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To sleep, perchance to dream a vision of Herman Hesse’s “Siddhartha” on the Brandeis stage

Published: February 13, 2009
Section: Arts, Etc.



Have you ever had a dream that shook you to the core and changed the way you look at the world? In “Siddhartha: a Jungian Fantasy in Three Acts with Prelude,” Eric Hill’s adaptation of Herman Hesse’s 1922 novel currently at Brandeis Theater Company’s Laurie Theater in a production running through February 15th, this is exactly what happens.

The play begins with a lecture given by the character of Herman Hesse (Andrew Michael Neiman) about the nature of dreams and their manifestations in reality. Through an explanation of the theories of Sigmund Freud and Carl Jung, Hesse reveals the nature of the story he will be recounting over the course of the evening. We will learn the story of Siddhartha (Levi Rion Ben-Israel), an Indian man from the 6th century BCE in search of the meaning of life, whose life runs parallel to Hesse’s own. Born into a wealthy family, Siddhartha (and, by extension, Hesse) chooses to leave behind all that he has known to search for this meaning, and goes through periods of serenity, reflection, lust over the upper class Kamala (McCaela Donovan), self-hatred, and spirituality before ultimately discovering the inner peace he had been searching for all along.

A premise like this, with two parallel stories about self-discovery, is exactly the kind of thing that, while it has the feel of something I’ve seen a million times, always interests me, and this tale didn’t fail in that regard. The telling of that tale, however, did. Never having read the Hesse novel, it is unclear to me if the fault lies with Hesse himself, Hill for his adaptation, or, in some fashion, both, but the passages of exposition of Hesse’s narration seemed to drag on without any sense of discovery or enlightenment. While his monologues seemed necessary to the structure of the piece, I kept wanting to get back into the scenes of the story itself, letting the tale unfold and speak for itself rather than having that intertwine with Hesse’s expository thoughts.

This is not to say, however, that the production is altogether problematic. The show is carried by a fine set of actors (most in the Brandeis MFA program or professional), lead by the incomparable Levi Ben-Israel and Andrew Michael Neiman in the two main roles. These two actors were particularly well matched not only to their parts but also to each other as the parallel souls the story has them become.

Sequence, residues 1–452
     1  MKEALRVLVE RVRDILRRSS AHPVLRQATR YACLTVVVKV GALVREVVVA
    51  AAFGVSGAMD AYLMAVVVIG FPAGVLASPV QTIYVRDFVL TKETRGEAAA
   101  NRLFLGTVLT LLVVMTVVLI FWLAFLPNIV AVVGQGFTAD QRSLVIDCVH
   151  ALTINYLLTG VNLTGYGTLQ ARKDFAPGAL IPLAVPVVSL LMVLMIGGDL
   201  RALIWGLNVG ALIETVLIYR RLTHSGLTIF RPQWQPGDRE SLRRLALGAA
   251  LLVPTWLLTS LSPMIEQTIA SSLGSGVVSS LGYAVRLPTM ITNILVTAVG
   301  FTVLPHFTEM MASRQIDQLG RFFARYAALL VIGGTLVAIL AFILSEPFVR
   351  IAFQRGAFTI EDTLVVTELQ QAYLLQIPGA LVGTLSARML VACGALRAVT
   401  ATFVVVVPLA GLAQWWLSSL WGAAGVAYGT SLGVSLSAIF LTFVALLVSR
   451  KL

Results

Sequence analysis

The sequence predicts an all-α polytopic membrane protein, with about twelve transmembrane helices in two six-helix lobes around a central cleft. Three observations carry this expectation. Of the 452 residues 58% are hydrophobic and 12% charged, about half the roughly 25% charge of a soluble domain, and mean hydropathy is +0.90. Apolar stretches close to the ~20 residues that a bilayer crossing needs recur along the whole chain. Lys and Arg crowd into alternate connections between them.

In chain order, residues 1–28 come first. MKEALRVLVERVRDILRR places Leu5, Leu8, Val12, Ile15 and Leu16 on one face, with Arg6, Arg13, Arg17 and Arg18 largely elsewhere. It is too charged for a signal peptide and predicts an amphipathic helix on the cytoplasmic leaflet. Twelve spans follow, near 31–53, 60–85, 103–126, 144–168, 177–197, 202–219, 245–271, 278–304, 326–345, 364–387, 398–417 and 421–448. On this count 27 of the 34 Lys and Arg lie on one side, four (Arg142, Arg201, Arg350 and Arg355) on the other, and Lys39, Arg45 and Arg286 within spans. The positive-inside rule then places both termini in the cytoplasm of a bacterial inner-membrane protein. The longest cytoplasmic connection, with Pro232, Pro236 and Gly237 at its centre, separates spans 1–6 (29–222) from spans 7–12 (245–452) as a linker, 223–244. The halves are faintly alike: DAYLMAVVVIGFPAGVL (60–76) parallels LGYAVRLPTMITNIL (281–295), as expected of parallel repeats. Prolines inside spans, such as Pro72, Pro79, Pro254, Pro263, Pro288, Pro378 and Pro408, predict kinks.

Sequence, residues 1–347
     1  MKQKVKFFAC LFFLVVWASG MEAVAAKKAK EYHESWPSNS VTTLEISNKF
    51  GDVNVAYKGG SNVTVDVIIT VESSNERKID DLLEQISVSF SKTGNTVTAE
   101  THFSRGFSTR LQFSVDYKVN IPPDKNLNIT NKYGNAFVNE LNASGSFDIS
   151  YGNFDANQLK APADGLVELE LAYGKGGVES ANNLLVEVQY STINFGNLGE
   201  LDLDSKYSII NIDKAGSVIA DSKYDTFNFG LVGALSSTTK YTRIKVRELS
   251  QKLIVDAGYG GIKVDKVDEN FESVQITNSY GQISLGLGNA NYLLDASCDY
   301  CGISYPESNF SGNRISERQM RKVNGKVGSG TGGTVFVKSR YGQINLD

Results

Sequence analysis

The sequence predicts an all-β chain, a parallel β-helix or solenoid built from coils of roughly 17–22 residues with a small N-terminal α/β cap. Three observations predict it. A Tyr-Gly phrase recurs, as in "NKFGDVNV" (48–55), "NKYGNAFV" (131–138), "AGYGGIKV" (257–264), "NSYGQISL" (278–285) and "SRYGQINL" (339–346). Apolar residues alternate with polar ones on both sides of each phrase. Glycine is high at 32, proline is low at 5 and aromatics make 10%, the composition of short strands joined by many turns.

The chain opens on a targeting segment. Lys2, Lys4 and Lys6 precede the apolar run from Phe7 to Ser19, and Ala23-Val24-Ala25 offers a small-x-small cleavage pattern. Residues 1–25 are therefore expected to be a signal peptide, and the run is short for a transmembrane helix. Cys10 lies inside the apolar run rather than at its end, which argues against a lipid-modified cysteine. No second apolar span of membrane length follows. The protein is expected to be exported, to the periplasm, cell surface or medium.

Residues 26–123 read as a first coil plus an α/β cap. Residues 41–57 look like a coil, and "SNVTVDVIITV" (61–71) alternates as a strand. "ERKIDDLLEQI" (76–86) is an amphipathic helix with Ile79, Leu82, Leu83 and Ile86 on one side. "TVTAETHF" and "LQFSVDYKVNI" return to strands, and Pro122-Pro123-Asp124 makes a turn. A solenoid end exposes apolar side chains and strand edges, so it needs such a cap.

Also of particular note was Equiano Mosieri as Vasudeva, the guardian of the river, who helps and protects Siddhartha on his journey. His strong presence was tempered by a subtle calm in his voice and mannerisms, something very welcome in this visually stunning and active production.

Hsiang-Lin Lee has designed the most lush, beautifully detailed, complex costumes I have seen on any Brandeis stage, having even outdone her previous work on Brandeis Theater Company’s “The Orphan of Zhao.” Chesapeake Westeveer’s scenic design served the production well due to its simplicity in relation to its composition of shapes, colors, and textures. Dave Wilson’s sound design and music was effective and moving, quickly bringing the audience into the world of the play. The weak link of the design team on this show was Jake Bray, whose lighting design added little illumination to the mysteries of the show’s story. While the lighting design did its job highlighting the various sections of the stage, it did not add anything special to the show the way the sets and costumes did.

All in all, this is a show about the magic of self-discovery and the meaning of life, and the journey one man takes in search of them. In realizing this sweeping vision, the show sometimes greatly succeeds and, at others, greatly falters.

But, then again, couldn’t that be the point? Isn’t life just a series of success and failure, all adding up to our own, personal discoveries?

“Siddhartha,” by Herman Hesse, adaptation by Eric Hill; directed by Richard Corley; sets by Chesapeake Westeveer; costumes by Hsiang-Lin Lee; lights by Jake Bray; music and sound by Dave Wilson; stage management by Susanna Quaintance; produced by the Brandeis Theater Company at the Laurie Theater, 415 South Street, Waltham MA 02453; (781) 736-3400. Through February 15th. Running time: 2 hours, 15 minutes.